September 2023

Back to Issue 14

The House on Stilts

By Heather Taylor-Johnson


It isn’t the beginning but start with this morning: finally sun

and the windows of this future-home / sometimes-home /

our home-away-from-home home are curtainless, so I wake 

in bright familiarity, the bed holding me, a book (inevitably) 

          my dog old and sleeping-in.  


Sometimes I come here with only my dog, the humans in my shuffling 

life carrying on in our factual-home, which is to say our routine-home – 

the one where all the mail is sent. I sit and read and write and eat 

(I’m doing all four now) because simplicity’s found in basic 

repetition, and then there’s privilege and together they’re the lake, 

presently a reflection of mauve clouds heaving stillness. 


If I move backwards to yesterday we are still not at the beginning 

but where would that be? When I looked down at your face 

and said we were a team? Birth is spectacular and something we own. 


Yesterday, in our usual-home – the television’s noise, my shadow 

holding a wine glass like a sacred bowl, my scorched eyes – 

it hurt when I realised our relationship, the one I held a portion of myself 

up to, is gone. No, changed (I almost made an enormous mistake). 

          Nothing can ever go away, can it?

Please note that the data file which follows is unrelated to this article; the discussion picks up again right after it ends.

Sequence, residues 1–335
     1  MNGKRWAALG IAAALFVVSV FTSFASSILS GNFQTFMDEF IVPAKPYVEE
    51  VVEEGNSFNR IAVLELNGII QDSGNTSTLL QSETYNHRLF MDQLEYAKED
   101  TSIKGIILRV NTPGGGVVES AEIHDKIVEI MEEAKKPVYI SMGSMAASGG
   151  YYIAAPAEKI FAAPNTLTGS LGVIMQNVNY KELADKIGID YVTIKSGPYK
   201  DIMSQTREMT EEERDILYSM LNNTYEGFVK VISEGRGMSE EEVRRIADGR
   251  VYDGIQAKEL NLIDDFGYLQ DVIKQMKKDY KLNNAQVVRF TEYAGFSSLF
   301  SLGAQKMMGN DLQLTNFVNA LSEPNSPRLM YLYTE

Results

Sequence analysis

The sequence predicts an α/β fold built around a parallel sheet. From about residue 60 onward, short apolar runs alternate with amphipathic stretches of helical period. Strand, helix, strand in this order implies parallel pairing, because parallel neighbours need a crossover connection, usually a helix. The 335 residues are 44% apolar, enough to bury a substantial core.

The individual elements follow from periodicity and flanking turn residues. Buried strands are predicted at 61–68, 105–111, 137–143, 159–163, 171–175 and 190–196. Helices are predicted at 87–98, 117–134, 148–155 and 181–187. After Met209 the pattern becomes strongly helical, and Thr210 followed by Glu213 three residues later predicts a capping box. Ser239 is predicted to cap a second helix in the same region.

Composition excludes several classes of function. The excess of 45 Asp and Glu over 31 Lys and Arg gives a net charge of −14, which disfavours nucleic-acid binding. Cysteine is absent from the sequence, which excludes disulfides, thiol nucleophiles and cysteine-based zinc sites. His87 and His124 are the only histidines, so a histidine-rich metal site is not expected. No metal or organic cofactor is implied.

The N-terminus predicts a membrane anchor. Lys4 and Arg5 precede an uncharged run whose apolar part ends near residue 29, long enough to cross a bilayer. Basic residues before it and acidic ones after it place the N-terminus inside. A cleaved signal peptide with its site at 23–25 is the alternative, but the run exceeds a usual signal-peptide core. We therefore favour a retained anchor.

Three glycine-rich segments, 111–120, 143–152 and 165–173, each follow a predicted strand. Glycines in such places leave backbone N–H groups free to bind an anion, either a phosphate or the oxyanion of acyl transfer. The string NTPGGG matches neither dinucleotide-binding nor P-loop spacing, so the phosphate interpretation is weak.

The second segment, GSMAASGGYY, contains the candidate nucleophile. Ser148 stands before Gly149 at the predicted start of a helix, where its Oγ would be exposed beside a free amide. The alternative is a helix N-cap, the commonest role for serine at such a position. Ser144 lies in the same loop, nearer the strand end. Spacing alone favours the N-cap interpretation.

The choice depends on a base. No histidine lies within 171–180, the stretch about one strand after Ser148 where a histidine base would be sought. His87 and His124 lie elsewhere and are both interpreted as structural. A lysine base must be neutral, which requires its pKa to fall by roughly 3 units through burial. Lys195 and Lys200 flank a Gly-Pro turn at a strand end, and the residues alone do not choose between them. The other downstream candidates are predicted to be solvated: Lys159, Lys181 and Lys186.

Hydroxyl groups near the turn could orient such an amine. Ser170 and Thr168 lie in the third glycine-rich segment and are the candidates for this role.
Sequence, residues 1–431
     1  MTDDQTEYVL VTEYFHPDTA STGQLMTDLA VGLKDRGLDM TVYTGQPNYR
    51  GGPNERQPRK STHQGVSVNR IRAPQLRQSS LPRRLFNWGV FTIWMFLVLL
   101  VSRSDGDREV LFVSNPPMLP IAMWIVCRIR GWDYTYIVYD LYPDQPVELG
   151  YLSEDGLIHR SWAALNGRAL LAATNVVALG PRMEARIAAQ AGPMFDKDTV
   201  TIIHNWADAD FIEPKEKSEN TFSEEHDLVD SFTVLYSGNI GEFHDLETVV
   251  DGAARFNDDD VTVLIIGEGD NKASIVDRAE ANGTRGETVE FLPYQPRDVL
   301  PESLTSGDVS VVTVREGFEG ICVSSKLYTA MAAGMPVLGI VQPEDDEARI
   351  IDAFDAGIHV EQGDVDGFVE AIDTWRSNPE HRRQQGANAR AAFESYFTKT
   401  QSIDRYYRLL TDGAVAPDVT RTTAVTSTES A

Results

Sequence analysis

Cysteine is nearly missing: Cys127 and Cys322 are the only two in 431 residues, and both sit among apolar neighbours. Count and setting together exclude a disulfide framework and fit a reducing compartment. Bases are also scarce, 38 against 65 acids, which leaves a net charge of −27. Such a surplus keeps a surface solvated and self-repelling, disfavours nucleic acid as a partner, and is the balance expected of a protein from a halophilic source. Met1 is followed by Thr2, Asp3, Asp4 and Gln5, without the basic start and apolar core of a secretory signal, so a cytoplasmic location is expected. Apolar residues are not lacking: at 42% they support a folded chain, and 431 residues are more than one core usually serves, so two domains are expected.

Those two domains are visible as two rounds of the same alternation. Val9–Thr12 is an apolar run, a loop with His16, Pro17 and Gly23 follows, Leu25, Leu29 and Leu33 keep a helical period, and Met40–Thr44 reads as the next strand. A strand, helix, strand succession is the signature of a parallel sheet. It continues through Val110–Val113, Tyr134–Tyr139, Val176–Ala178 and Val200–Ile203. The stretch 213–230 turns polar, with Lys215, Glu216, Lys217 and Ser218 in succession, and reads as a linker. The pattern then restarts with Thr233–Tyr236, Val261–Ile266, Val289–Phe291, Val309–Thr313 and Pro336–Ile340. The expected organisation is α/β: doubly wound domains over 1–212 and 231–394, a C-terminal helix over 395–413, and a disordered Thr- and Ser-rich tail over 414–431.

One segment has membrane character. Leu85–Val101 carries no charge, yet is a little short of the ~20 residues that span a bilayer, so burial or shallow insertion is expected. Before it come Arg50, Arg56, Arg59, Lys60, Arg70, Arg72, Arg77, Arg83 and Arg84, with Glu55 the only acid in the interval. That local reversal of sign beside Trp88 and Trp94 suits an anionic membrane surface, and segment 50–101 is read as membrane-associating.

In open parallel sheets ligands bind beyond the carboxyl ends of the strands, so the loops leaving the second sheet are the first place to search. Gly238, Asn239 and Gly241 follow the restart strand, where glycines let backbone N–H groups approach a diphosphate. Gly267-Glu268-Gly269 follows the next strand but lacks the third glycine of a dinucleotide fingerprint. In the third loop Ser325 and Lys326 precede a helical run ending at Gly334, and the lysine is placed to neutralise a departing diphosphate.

It’s sunset now and I’m frightened at our fading 

but who knows, my hefty love, our prospect might presume 

a misdirected consuming passion, which is something big 

not diminishing (perhaps I should end that with a question mark 

          to elevate mystery and hope?). 


I am aware that without my dog I might’ve ignored the path that hugs 

the cliffs of the lake (that most people call a river – whatever, it’s a large 

body of freshwater somewhere in between and it’s personal to me) 

and I might’ve kept sitting and reading, and he doesn’t need a lead here, 

pure dog, open space, nothing commercial only lots of houses 

where no one lives, they’re not even rented out, they’re holiday homes 

in a sleepy town and I get the phrase: homes that have less dramatic 

conditions than the homes we routinely inhabit – and I love you. 


We amble, my dog and me. At 13 he trots with his tongue hanging low, 

his muzzle and underbelly completely white while I’m 47 and breathe 

full-chested on the rise, my body reaching towards down and out. 

Life comes with its pivotal moments that separate the lengthening 

days and yesterday was one of them, today another, though brighter. 


I don’t know how to claim space nor how to let you go 

(I think they both mean grieving). Still, pelicans keep fishing 

for their lunch, family cars ferry speed boats to the ramp, 

my dog sniffs at then pisses on every clump of green he can, 

so the days stay the same. Go then, grow then. Our story is an old 

tide calling for new strokes. We’re no more than a house on stilts 

with plenty of scope for DIYs and years and years of pottering.